By Jeff Balke
By Ben DuBose
By Ben DuBose
By Sean Pendergast
By Sean Pendergast
By Calvin TerBeek
By Jeff Balke
By Jeff Balke
A television tuned to KTMD-Channel 48 provides recent news on NATO air strikes. The next message updates viewers on another skirmish in a war much closer to home: the battle for credibility and viewer ratings in Houston's Hispanic community.
"EDITORIAL 48" fills the screen, followed by the scene of general manager Marco Camacho seated near an image of a cowboy riding a bull.
"The rodeo is a Hispanic tradition," Camacho says in Spanish with English subtitles. "However, the people in charge of the Houston Livestock Show and Rodeo appear to think that this fact is unimportant. They have taken away scholarships that have been dedicated exclusively for Hispanics."
Across the airwaves and city, KXLN-Channel 45 beams the images of Mexicans dancing to mariachi music outside the Astrodome. Responding directly to the Channel 48 editorials, the rival station's commercials laud the rodeo and its Go Tejano Committee for upholding Hispanic tradition.
"Contrary to what you might have heard on another television station," a voice says in Spanish, "the rodeo offers support in the form of scholarships to all students in the city."
Camacho counterattacks with another editorial that challenges the "lack of protest" by Channel 45 and some Houston companies about the changes in scholarships.
"Could it be that the ... rodeo has so much power that nobody wants to offend them?" A list of rodeo sponsors scrolls behind Camacho. They include Gallery Furniture, Coors, Foley's, the Houston Chronicle and Univision, owner of the rival station.
The stations' opposite stances on rodeo scholarships is just one line of skirmish in their continuing fight to attract Houston's Spanish-language audience.
News format changes and hiring wars are evidence that the battle is escalating between these two stations. As Houston's Latino population increases to an estimated one-third of total population by 2000, so does the potential for revenue at the stations.
Since its inception, Channel 45 has been the more popular of the two, in part because of its affiliation with the 30-station Univision network. Channel 45 is a high-wattage Spanish station that covers news in an in-depth Latin-American investigative style.
Its popularity has sometimes pulled away Channel 48 employees, such as former weather announcer Christina Garza, who is now a Channel 45 investigative reporter.
Channel 45's national newscast offers wide-ranging coverage of Latin America.
However, the standard stories are accompanied by sensational ones, such as the segment on a Salvadorian man who lost his arms in the explosion of a land mine left over from the country's civil war. Channel 45 broadcast video of the armless man trying to feed himself using his feet.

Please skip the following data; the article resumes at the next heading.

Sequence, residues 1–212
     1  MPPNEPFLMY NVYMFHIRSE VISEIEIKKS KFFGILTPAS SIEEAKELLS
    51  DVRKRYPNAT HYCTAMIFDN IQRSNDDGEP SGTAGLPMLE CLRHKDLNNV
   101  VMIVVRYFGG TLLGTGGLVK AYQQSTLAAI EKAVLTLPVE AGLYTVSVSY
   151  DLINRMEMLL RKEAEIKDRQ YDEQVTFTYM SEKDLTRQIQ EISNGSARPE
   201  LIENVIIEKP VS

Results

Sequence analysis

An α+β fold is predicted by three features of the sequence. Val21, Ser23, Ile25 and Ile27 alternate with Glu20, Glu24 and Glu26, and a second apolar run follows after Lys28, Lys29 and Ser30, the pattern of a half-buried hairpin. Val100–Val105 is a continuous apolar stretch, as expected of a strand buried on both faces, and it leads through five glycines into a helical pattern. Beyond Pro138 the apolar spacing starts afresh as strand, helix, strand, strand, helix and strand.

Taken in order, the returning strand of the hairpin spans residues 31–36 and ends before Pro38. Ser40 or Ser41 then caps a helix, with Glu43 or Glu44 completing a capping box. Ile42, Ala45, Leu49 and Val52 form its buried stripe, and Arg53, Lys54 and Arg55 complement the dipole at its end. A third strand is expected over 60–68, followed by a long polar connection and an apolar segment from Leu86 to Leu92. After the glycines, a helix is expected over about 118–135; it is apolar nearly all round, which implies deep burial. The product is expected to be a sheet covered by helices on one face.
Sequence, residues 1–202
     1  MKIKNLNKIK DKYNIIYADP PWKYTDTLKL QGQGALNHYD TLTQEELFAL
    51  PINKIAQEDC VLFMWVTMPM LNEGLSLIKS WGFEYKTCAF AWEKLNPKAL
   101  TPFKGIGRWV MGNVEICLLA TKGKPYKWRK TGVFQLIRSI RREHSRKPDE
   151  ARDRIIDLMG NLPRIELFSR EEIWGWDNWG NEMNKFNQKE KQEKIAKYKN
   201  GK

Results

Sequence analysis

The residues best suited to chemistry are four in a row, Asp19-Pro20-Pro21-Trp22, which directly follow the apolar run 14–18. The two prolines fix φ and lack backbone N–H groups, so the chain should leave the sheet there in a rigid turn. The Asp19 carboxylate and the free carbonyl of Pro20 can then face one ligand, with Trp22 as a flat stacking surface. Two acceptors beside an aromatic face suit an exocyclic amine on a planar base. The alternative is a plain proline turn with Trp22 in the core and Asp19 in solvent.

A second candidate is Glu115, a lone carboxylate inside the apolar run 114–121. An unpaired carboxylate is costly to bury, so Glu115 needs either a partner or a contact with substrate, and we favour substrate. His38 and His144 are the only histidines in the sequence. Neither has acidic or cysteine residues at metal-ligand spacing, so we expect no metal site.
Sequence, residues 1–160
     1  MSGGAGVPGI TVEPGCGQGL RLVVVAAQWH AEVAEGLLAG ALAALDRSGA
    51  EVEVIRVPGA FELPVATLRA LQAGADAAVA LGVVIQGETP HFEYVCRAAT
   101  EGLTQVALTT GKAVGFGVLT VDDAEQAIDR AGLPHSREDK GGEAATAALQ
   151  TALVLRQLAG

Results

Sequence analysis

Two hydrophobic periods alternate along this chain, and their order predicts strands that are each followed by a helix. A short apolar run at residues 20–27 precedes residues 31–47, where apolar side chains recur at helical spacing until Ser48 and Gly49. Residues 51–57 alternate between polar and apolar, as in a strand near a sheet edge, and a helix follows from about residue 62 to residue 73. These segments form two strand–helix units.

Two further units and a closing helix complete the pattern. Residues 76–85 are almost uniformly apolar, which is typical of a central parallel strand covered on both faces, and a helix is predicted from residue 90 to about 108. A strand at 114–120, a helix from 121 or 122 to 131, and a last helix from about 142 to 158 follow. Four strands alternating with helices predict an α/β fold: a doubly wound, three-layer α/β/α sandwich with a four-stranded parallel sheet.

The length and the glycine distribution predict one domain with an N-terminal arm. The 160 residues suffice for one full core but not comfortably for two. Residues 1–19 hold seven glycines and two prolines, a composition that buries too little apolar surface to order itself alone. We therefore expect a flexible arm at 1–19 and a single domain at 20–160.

To battle the big-budget news shows of Univision, Camacho introduced Channel 48's English closed-caption broadcasts of Spanish-language news shows, reported to be the first of their kind in the nation.
He beefed up the news staff with veterans such as former KTRK-Channel 13 news director Richard Longoria (who has since left) and a news team focusing on investigative journalism and undercover stories.
Such efforts have proved prosperous. For the first time since Channel 48 went on the air in 1988, the station's ratings have skyrocketed, at a rate faster than other Telemundo affiliates. Revenue increased 110 percent, and the station is gaining ground in the market, though Channel 45's ratings also continue to climb.
However, news formats are only one factor in overall programming, where Channel 45 has held a considerable edge.
Following Channel 45's news are the station's very popular telenovelas (Spanish soap operas). Filled with sex, betrayal and occasional class conflict, most of them make their U.S. counterparts look like children's tales.
Channel 48 brought in its new general, Camacho, from his position as vice president of Spanish radio station KQQK/106.5 FM.
Camacho steered the station's programming toward American themes. He ditched old black-and-white Mexican movies and introduced several U.S.-style series. Some shows had English subtitles to attract non-Spanish-speakers.
However, the defining difference in the Houston rivalry remains. Channel 45 holds a virtual monopoly on the Hispanic award and entertainment shows. From the Premio Lo Nuestro (the Latin version of the Grammys) to live broadcasts of the Puerto Rican Parade in Manhattan, viewers get an MTV-esque look at who's who in musica Latina. Part of that package is the broadcast rights to Go Tejano Day at the rodeo.
Spanish media analysts generally applaud the programming innovations while hoping that there is even more media modernization for the Hispanic community.
"I hope that these editorials from Channel 48 are not the last on controversial issues," says Cano, "and I hope that Channel 45 starts running some as well."
"I would also like to see the stations move away from those telenovelas that are not reflective of the U.S. Latino experience and are not very realistic," he adds. "Stories about pretty maids falling love with rich South Americans get old after a while."
Cano says he would also like to see an emphasis on local news coverage. He hopes that Channel 48's rodeo editorials are not just a ploy to boost ratings.
Camacho says he intends to keep the heat up. He says increases in ratings and revenues enable him to attack conflicts of interest at Channel 45, where manager Adan Trevino is a Go Tejano committee member. "He does not want to look bad," says Camacho, "so of course he is going to side with the rodeo. I've had advertisers tell me that they will never advertise with [Channel 45] again because they sat on their hands with this."